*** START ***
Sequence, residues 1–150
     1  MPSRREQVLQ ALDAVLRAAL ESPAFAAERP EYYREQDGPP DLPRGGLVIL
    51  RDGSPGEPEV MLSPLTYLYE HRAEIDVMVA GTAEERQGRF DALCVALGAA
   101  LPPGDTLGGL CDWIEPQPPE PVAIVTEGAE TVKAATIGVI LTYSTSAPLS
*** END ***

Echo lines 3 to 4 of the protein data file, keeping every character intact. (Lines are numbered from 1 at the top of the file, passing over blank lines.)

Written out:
    51  RDGSPGEPEV MLSPLTYLYE HRAEIDVMVA GTAEERQGRF DALCVALGAA
   101  LPPGDTLGGL CDWIEPQPPE PVAIVTEGAE TVKAATIGVI LTYSTSAPLS